Time Inc. Pines for a Kindle Killer–If Someone Else Builds It
Is Time Inc. building a Kindle Killer? Nope.
My pal Owen Thomas, late of Valleywag, has published a piece for NBC’s Bay Area local site that suggests that Time Inc. wants to get into the hardware business and produce its own e-reader.
That’s something other publishers, like Hearst and News Corp. (NWS), are actually doing or have at least mulled. But multiple sources familiar with the Time Warner (TWX) unit’s thinking say that’s not the case here.
But the publisher certainly is thinking about ways to create specialized content for e-reader devices and about the best way to distribute that content.
Time Warner executives have talked about this openly for many months–see Time Inc. digital guru John Squires’s comments in June–and Thomas appears to have gotten his hands on an internal document that addresses the same topic.
Most intriguing, according to Thomas’s read of the documents: A Hulu-like spinoff that would do…something:
The presentation concludes that Time Inc. and other partners should form a new, jointly owned company. Time Inc. might spin out its Maghound service, a service which lets consumers bundle multiple magazines together into a single monthly subscription, to form the base of the joint venture. The company is also considering acquiring other businesses to jumpstart the venture.
No comment from Time Inc.
But I do know that Time Inc.’s executives have met with other publishers about collaborating on e-reader standards, etc. And I do know that Time Inc. executives think a special version of their print products, designed specifically for e-readers, is a good idea. Most everyone I talk to in magazine publishing, in fact, believes this.
And I understand why they do. In their minds, the e-reader versions of their products function just about the same way magazines do: People pay to read them and advertisers pay to distribute their messages through them. And–this part is crucially important, from their perspective–publishers retain control of distribution and the billing relationship with their customers.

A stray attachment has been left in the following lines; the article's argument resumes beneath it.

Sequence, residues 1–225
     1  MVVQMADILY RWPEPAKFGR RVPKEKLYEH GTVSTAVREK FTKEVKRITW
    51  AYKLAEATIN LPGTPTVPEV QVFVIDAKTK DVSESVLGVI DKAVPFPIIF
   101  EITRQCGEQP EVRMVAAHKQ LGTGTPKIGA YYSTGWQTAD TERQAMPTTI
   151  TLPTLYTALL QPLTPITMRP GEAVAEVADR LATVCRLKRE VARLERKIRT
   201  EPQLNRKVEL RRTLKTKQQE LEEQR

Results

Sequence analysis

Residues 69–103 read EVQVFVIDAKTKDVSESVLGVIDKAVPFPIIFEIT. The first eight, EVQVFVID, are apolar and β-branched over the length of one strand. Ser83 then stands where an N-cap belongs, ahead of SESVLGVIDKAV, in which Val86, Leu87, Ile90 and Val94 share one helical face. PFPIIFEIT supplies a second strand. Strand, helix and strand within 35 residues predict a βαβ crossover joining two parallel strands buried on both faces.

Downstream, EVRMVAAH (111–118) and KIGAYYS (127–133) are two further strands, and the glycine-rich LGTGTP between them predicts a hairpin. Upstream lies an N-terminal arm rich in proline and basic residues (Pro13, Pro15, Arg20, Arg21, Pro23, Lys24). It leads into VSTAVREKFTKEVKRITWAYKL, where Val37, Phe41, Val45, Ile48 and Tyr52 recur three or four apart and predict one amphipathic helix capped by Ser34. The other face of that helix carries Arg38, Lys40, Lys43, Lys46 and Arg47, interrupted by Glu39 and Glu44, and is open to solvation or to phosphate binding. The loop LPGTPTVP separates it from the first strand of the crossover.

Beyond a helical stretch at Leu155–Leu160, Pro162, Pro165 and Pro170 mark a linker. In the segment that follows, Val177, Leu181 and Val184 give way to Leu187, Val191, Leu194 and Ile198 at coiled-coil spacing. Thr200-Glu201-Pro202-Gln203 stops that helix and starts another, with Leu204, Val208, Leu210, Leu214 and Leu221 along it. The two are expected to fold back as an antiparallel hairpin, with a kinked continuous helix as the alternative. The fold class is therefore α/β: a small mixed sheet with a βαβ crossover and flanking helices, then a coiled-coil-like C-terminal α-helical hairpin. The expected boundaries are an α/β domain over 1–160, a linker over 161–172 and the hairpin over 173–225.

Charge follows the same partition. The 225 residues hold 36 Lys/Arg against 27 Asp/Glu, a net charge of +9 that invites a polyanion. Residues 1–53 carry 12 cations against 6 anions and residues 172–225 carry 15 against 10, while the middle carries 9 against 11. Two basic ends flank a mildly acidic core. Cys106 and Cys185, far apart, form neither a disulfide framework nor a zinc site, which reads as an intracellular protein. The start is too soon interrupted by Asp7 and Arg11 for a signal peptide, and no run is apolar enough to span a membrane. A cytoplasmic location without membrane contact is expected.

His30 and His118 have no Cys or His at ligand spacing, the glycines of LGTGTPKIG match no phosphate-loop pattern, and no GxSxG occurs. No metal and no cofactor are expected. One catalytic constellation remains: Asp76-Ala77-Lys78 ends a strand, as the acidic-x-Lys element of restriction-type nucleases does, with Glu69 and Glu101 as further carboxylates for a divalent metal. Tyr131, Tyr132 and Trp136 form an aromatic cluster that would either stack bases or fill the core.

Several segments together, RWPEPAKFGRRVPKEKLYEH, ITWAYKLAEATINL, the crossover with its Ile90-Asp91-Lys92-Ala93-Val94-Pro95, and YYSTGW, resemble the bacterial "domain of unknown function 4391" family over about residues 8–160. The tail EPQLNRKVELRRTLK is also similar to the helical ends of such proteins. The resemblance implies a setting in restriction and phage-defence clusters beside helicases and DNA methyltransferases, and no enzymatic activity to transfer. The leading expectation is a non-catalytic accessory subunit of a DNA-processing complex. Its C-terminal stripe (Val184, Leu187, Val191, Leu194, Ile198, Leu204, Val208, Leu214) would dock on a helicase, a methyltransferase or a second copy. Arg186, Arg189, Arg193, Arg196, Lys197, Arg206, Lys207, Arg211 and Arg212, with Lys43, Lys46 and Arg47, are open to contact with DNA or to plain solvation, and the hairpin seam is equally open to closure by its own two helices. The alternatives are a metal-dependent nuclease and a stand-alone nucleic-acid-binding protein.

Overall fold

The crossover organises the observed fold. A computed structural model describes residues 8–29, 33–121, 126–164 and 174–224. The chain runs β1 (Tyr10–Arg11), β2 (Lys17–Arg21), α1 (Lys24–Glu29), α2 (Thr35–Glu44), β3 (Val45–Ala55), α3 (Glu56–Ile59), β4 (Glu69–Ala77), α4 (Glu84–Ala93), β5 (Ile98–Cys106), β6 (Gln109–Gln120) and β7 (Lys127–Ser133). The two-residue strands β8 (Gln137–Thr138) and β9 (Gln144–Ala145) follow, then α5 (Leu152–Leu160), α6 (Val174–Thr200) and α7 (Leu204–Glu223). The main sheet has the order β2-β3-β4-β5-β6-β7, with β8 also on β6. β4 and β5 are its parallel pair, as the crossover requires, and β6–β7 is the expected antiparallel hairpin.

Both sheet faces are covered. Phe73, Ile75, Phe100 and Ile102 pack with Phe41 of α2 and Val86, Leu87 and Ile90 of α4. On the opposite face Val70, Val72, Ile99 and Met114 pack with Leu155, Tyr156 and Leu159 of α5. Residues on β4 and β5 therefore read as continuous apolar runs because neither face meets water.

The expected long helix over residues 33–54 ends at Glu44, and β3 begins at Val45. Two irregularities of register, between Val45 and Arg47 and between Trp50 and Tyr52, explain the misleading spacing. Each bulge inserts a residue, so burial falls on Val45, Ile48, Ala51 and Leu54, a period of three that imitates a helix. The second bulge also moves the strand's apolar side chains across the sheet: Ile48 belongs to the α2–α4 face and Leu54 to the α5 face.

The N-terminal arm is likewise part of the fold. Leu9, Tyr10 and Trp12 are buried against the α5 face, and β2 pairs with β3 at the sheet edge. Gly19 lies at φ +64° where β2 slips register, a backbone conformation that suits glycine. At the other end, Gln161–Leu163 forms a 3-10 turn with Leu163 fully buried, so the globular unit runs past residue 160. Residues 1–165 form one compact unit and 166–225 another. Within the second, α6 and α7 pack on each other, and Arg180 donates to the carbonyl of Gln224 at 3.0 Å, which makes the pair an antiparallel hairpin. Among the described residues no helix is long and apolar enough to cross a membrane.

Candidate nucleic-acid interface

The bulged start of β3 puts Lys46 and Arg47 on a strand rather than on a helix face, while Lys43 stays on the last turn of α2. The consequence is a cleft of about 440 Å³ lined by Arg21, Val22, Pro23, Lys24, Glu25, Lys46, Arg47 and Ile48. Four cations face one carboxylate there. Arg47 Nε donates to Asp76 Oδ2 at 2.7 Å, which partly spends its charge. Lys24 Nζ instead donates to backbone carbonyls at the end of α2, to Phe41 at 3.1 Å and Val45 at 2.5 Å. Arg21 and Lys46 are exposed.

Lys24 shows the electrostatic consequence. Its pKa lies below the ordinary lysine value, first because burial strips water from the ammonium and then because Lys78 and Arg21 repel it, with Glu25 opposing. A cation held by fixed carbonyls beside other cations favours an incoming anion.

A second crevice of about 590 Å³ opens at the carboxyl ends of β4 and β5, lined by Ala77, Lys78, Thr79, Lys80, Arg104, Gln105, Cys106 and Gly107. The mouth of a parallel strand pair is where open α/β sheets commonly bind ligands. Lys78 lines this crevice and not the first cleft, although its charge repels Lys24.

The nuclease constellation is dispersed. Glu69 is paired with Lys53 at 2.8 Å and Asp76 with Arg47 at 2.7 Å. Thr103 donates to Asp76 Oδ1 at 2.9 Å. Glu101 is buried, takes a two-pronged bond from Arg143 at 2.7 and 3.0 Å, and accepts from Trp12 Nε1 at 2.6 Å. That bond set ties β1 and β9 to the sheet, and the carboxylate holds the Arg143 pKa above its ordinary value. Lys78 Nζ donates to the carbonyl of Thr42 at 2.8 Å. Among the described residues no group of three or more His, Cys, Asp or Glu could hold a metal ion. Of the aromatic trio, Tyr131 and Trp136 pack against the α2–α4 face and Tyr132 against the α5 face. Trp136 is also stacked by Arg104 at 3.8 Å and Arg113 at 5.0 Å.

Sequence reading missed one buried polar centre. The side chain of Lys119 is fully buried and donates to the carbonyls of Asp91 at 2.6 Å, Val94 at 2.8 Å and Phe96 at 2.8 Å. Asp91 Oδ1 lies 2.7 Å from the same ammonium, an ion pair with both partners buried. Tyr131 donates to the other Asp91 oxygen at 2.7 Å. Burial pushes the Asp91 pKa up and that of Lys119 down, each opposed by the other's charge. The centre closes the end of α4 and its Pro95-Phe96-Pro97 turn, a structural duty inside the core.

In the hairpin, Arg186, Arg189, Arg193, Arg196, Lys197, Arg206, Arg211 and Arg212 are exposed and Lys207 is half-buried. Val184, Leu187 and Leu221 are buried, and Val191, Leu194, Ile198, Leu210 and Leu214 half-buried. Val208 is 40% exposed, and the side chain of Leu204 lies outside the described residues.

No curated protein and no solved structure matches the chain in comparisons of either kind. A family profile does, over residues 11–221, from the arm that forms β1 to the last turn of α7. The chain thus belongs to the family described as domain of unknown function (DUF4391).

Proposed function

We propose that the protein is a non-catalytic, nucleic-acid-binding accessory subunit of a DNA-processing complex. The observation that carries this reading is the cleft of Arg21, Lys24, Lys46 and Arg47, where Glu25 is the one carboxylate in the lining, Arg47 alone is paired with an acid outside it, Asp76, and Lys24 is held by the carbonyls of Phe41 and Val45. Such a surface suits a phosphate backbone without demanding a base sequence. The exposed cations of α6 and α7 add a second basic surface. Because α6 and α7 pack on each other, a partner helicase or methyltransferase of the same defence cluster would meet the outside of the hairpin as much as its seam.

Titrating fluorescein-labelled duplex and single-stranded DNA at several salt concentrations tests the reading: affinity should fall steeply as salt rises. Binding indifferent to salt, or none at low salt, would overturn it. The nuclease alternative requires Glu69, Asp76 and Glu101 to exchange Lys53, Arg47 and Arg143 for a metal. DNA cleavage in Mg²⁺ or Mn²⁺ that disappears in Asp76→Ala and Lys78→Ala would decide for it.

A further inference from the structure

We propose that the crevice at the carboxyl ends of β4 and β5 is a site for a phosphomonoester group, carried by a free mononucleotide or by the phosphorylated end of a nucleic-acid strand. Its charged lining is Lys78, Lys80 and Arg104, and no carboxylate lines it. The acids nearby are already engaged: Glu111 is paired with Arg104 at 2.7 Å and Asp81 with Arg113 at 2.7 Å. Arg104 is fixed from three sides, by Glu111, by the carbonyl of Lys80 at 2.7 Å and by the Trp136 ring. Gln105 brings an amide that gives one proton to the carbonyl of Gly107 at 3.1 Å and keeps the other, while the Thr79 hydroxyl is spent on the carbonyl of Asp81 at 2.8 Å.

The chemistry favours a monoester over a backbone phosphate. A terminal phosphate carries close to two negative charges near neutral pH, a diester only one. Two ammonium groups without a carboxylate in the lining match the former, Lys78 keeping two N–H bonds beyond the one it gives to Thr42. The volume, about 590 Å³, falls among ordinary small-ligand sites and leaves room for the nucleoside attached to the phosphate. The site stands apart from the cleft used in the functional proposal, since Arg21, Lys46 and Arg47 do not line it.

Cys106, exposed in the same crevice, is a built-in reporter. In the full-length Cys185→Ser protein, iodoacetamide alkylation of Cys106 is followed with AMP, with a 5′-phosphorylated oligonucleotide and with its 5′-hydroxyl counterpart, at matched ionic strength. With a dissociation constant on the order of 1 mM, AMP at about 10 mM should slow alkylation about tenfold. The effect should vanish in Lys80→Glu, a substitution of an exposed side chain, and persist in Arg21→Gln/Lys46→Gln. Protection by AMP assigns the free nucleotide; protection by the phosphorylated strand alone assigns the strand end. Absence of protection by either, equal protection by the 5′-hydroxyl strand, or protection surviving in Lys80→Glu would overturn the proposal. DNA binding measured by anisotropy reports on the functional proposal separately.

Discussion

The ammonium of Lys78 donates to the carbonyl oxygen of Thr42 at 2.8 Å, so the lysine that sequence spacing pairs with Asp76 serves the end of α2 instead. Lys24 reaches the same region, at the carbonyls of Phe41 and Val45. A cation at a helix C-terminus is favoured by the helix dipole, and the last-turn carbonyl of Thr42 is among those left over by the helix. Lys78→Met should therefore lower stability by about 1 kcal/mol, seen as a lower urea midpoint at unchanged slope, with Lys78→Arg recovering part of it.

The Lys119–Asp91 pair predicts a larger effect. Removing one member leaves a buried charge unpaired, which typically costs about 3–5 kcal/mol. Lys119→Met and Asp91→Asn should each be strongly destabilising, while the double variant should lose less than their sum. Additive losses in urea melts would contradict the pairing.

That relationship gets obliterated in Amazon’s (AMZN) Kindle model: Publishers wholesale the stuff to Jeff Bezos, who deals with consumers directly. This is also one of the music industry’s big regrets about the digital age. Even though labels are selling their stuff on the Web, via Apple’s (AAPL) iTunes and others, they still don’t have direct relationships with its customers.
Which is why publishers are desperately hoping that they’ll be able to push their stuff through someone other than Jeff Bezos. On the surface, at least, it looks as though their wishes are being met: A bevy of Kindle competitors–Sony (SNE), Plastic Logic, iRex, etc.–is surfacing. Surely one or more of those will figure out how to offer publishers the terms they want.
But even if one or more of the Kindle clones succeeds, print publishers still have a core problem: They need to convince consumers that content–in any form, on any device–is worth paying for. That will work in some cases, but for many it’s going be a very hard slog.